Comments

Popular posts from this blog

Confronting Racism, Yankee Pagan Style

I am a Yankee.  Right down to my Pagan soul.

My understanding of what it means to be a Pagan is to try to live in right relationship with the gods, the land, and the people, including the ancestors.  My gods are those that are comfortable in New England’s woods and hills.  My land is this rocky landscape of New England.  And my people and my ancestors–on Mom’s side, at least–are New Englanders: sea captains and dairy farmers, teachers and laborers.  Whatever granite is in this place or in my ancestors lives on in me and in my Pagan practice.


And that granite is why I am so driven to speak out against racism.
To help me explain what I mean, I’m going to go ahead and borrow an ancestor: my friend Kirk White‘s father.
A Yankee like a Rock Kirk’s ancestors, like mine, were among the first Englishmen to arrive in North America.  Like mine, this landscape was where they found their home.  And like me, my friend Kirk and his family before him has loved New England–Vermont in his c…

Bears Eat My Lettuce

I love where I live;  since moving to our new home four years ago, I've been able to build a relationship with a piece of land for the first time since I was a child.  It's everything a dirt-worshipping Pagan could ask for.  I have a garden, and I grow much of my own food, and that is as much a spiritual delight as a taste treat.  And I have woods again as neighbors: glacial boulders, white pines and black birches, owls and white-tailed deer.

And bears.

And the bears eat my lettuce.



I'm not kidding about that.  Oh, it's winter now, and the bears are huddled up in their dens.  But this past spring, I grew lettuce.  Award winning, gorgeous lettuce: three different kinds!  They were nourished to extraordinary size and succulence by the cool, wet weather we had, and each night, I would gather just a few outer leaves, knowing that careful tending would mean tasty salads for months.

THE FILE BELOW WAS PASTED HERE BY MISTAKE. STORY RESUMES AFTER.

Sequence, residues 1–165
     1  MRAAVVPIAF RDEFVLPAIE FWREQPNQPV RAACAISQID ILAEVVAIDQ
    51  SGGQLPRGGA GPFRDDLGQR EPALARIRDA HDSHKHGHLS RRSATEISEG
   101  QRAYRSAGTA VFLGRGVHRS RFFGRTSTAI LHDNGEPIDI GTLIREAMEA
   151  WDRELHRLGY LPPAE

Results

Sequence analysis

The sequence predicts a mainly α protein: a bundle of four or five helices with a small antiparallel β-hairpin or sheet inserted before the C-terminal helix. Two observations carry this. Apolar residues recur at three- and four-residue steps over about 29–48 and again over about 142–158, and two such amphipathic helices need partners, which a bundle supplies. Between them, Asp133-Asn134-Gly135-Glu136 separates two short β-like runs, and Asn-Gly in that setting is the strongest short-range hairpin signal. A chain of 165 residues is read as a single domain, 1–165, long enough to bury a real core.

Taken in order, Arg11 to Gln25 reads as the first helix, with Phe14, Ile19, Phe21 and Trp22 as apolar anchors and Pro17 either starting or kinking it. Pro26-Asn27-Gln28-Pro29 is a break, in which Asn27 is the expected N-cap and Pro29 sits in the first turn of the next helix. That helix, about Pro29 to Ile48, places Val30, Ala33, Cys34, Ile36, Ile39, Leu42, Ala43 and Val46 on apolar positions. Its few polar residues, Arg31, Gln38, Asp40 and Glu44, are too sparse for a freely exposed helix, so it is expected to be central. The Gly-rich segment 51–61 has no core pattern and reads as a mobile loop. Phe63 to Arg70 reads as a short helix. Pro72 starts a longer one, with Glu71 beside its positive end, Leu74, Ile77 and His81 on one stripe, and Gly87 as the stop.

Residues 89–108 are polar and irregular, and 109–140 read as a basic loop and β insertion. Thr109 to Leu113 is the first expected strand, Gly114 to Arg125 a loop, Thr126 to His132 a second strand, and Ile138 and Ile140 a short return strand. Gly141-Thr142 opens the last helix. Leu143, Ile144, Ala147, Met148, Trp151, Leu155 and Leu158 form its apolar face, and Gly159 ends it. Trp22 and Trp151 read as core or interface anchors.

And then, over the course of three days, the bears ate every single one of my lettuce plants…

The Saturday Farm

I love Saturdays.

I have come to think of the work that I do on Saturdays as "farming."  Now, I know it isn't farming--not really.  We have a medium-sized vegetable garden and two dogs, and that's not a farm, by any stretch of the imagination. 

But I keep thinking of a comment Joel Salatin made in Yes Magazine once, about how Americans have become used to thinking of our homes as centers of consumption, but how once, thinking of your home as a center of production (typically, a farm, for most of us for most of our history) was the norm.

And between trying to live with less plastic junk and trying to eat more sustainably and locally, Saturdays at home have become very productive days.  And that productivity--the willingness to substitute patience, skill, and thrift for consumption--I've come to think of as a species of farming.  (My apologies to actual farmers, whose work I increasingly appreciate.  But thinking in this way works for me, somehow.)

First thing this…